When warm weather hits, it’s hard to resist its call. Outdoor parties, barbecues, and dinner on the patio are all activities we love to take part in when the sun is out. Unfortunately, winter makes outdoor living spaces feel drab and dull. Bring life back to your patio with these easy-to-care-for potted plants. It doesn’t matter if you have a sun-blasted deck or a shady back patio; we’ve got you covered with plants for both situations. Create a stunning backdrop where you can host fun parties for your friends and family.
Many of our favorite plants would wither up and die if exposed to the harsh sun all through the day. These plants are sun-loving beauties that thrive in full sun and are resistant to drought.
Marigolds are one of the most popular flowering plants to place in pots for front porches or back decks. It’s easy to see why with their bright yellow and orange blooms. Not only are they gorgeous flowers, but the care they require is almost effortless. They prefer to dry out between waterings, and they love full sun. You can deadhead your marigolds to extend bloom production throughout summer. Plant marigolds in well-draining soil and in a pot that’s about three-inches bigger than the root ball.
Although this isn’t a flowering plant, silver ponyfoot is a delicate vining plant that cascades down hanging pots or the sides of a retaining wall. Their leaves are a silvery green color that will create a lovely backdrop for other more brightly colored plants such as the marigolds mentioned above. It grows quickly, is drought tolerant, and will thrive in full sun or partial shade. This waterfall plant is almost impossible to kill, but it won’t survive a harsh winter so must be brought indoors during the colder months.
You’ve likely spent the evening with friends and seen geraniums hanging in city gardens or window boxes along your neighborhood streets. They are a trendy flowering plant that offers a wide range of colors, including white, red, coral, pink, purple, yellow, and blue. Part of their popularity is due to their durability against full sun and droughts. Optimally, geraniums prefer to dry out between waterings and will bloom heavily when fertilized every two weeks during the summer.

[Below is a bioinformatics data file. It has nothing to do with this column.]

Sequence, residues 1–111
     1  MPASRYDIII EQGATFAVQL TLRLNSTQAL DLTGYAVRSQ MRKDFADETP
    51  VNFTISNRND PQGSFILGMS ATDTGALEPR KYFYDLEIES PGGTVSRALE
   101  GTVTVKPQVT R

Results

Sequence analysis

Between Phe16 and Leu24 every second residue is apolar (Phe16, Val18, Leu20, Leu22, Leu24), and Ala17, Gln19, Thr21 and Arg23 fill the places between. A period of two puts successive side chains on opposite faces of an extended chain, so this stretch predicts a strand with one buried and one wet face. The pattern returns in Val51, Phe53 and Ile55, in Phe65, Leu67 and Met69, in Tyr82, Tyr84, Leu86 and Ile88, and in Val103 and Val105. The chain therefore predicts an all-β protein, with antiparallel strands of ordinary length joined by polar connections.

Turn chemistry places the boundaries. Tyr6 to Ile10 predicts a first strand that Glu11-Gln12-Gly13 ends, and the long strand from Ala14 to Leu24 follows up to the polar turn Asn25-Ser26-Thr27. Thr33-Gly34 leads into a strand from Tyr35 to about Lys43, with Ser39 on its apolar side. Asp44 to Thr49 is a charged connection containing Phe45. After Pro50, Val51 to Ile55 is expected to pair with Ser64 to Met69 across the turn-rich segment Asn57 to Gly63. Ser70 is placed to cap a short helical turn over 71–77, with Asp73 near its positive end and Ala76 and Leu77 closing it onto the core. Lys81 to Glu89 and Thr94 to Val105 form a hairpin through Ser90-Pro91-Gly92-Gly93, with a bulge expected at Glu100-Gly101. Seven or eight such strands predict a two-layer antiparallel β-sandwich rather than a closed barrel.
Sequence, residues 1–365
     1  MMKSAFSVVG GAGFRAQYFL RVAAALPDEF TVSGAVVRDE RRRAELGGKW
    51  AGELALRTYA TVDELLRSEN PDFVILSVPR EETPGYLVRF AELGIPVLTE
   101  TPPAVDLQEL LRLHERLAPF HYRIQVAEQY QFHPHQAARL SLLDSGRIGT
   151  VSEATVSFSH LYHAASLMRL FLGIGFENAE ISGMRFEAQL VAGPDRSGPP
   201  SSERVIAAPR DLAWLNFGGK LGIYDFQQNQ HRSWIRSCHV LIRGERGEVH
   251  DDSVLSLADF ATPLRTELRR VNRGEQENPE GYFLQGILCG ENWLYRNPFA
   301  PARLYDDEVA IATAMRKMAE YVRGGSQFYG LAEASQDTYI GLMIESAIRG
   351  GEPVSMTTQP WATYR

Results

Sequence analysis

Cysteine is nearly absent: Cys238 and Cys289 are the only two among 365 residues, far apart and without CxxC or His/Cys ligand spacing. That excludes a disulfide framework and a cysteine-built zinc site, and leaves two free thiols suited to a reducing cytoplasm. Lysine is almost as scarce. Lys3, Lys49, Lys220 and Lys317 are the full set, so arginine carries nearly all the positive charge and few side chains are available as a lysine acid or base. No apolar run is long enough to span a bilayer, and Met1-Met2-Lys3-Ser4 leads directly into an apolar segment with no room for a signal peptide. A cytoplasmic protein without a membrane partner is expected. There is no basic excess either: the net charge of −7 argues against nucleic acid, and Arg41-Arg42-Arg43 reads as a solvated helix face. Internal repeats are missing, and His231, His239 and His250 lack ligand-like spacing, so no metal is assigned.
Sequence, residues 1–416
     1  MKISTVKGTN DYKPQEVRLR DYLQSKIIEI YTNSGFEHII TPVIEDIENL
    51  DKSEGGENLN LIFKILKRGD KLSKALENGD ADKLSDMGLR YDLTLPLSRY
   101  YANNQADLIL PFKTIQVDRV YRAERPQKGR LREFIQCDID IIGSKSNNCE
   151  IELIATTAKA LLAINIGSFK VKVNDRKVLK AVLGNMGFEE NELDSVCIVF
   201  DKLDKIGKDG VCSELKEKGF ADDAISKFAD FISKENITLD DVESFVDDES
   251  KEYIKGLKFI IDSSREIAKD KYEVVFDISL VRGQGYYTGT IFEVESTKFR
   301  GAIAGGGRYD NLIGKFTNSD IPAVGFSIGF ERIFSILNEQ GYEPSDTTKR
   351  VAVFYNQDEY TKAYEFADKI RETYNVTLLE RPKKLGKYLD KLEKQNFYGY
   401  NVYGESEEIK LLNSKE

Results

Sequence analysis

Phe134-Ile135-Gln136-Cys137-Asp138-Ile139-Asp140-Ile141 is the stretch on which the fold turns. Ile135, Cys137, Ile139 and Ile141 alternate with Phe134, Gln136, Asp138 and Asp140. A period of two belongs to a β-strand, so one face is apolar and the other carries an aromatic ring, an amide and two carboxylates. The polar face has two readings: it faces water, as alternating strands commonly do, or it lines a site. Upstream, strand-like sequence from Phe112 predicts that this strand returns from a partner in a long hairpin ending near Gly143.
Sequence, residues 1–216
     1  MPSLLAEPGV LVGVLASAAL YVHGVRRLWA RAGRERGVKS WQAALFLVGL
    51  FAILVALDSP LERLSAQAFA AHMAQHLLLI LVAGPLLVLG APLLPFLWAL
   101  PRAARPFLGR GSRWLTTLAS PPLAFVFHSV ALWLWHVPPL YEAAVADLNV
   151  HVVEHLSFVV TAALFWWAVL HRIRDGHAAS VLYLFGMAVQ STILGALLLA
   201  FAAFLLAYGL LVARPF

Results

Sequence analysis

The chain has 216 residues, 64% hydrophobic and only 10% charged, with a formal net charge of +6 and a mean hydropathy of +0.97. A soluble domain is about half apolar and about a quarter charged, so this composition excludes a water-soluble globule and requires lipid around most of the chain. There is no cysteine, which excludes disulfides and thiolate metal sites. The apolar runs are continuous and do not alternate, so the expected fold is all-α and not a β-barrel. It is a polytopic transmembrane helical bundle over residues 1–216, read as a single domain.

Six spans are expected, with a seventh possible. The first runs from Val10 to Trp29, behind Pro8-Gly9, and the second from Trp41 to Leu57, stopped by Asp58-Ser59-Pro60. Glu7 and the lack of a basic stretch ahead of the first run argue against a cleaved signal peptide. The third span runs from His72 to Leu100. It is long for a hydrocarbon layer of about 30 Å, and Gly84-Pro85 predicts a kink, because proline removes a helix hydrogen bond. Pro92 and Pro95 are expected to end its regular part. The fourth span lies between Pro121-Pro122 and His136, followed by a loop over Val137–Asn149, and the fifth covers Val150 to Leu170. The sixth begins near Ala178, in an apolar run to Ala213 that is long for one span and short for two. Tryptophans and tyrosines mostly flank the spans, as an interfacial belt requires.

To encourage even more blooms, you can deadhead your geraniums and enjoy stunning colors all summer long. In early spring, you can repot geraniums into pots two to three inches bigger than their old pots to encourage growth. During the winter, the roots will need to dry out more often but not completely. They will go through a dormant season and then be back to blooming by springtime.
While some plants struggle with too much sun, other outdoor spaces offer what appears to be too much shade. However, these three plants not only survive but thrive in the shade.
These are a common plant to keep indoors; however, they also can be kept outside for a unique foliage backdrop. Many begonias also have stunning flowers, and some of them even resemble roses. Begonias like full shade, standard potting soil, and do not like to dry out between waterings. It’s best to keep the deep part of the soil damp and water the begonia when the top few inches are dry. They also love humidity, and if the outside humidity level drops below 10 percent, be sure to hose down the patio and spray the leaves with a heavy shower. When temperatures start to drop, bring them indoors until spring arrives once more.
This is another plant with striking leaves that are bound to please and shock your dinner guests. Caladiums can range from red center leaves with white rims to purple and green, and pink. They look so different you might get accused of having a fake plant! While some varieties are sun tolerant, they prefer full shade and high humidity. They like soil to be moist, but they don’t want to sit in water, so be sure to allow the top few inches of soil to dry out before giving it a good watering once more. When nighttime temperatures begin to drop below 60, it’s time to bring the caladium indoors for the winter.
Otherwise known as coral bells, heucheras are a hummingbird and butterfly magnet. So not only will you enjoy a beautiful plant, but you’ll also get some fantastic visitors as well! Coral bells do come in a fun coral color, but they also have red, white, pink, and orange varieties. Heucheras can survive in full sun, but they prefer partial shade and well-draining moist soil. Do not allow the soil to dry out between waterings, but wait for the soil on top to dry and then water thoroughly again. To fertilize, use a water-soluble fertilizer and be sure not to overdo it or you will inhibit its ability to bloom.
You can’t go wrong with any of these uniquely beautiful plants. Choose your favorite or all six to bring color, intrigue, and even hummingbirds to your patio. These plants and their winged friends are sure to set the mood for a lovely outdoor party or date night on the deck.
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